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The Decline and Fall of Heavenly

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Album Review

Heavenly has always rooted their music pretty firmly in upbeat '60s pop, and The Decline and Fall..., more than any of their other albums, points this out. While their previous (and probably best) release, Le Jardin de Heavenly, was well in line with indie-pop conventions, and the release that followed (Operation Heavenly) drifted into almost new-wave rock, The Decline and Fall... is a cleanly produced sequence of bouncy, guitar-based pop songs — and fans of the band know just how good they are at writing bouncy pop songs. The only problem with The Decline and Fall is that it's so painfully short.

Customer Reviews

The Heavenly Option

Concise and catchy British indie pop. Punchier and less twee than "Le Jardin de Heavenly" and not quite as tight (compositionally, production-wise) as "Operation Heavenly," "Decline and Fall" still manages to contain two of the group's best songs: "Spam Meets Egg, So What?" and the achingly gorgeous "She and Me." For fans of that dog, Velocity Girl, and Letters to Cleo (who all seem to have chosen the "heavenly option").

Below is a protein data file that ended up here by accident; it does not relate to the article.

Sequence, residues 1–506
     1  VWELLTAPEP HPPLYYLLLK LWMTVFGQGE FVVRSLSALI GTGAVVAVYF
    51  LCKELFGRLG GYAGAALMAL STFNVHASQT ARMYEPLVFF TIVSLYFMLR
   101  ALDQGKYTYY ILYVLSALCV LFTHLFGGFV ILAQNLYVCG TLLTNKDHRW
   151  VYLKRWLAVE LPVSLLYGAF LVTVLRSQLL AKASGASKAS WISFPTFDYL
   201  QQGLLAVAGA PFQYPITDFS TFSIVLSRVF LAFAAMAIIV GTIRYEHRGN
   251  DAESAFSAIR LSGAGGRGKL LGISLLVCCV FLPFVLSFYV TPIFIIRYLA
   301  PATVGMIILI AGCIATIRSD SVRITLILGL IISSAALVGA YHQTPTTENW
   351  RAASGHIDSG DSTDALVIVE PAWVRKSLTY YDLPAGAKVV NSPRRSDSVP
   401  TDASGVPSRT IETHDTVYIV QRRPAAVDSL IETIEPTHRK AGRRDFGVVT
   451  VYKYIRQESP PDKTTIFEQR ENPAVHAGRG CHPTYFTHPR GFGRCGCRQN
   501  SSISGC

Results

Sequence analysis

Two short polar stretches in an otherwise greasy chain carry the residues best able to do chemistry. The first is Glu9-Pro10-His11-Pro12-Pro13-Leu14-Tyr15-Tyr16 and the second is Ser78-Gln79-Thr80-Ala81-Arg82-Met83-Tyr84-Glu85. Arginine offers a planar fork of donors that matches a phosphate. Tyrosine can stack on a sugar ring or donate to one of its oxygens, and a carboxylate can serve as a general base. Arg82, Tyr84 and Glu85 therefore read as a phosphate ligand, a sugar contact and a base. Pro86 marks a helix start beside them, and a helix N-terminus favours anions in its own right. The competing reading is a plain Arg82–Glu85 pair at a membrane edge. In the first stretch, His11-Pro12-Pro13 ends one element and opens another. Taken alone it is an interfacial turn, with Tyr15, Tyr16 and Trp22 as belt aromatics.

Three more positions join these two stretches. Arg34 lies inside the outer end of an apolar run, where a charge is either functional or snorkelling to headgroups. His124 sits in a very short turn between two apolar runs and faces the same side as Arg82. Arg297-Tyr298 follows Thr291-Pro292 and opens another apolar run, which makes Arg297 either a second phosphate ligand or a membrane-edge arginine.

Formed: 1989 in Oxford, England

Genre: Rock

Years Active: '80s, '90s

Formed from the ashes of C-86 giants Talulah Gosh, Heavenly spearheaded the twee-pop charge of the 1990s, becoming the legendary Sarah Records label's biggest international stars. The four founding members of Heavenly -- vocalist Amelia Fletcher, her drummer brother Mathew, guitarist Peter Momtchiloff and bassist Robert Pursey -- were also among the founding members of Talulah Gosh back in 1985; their new project followed in a direction similar to their previous work, retaining their trademark sweetness-and-light...
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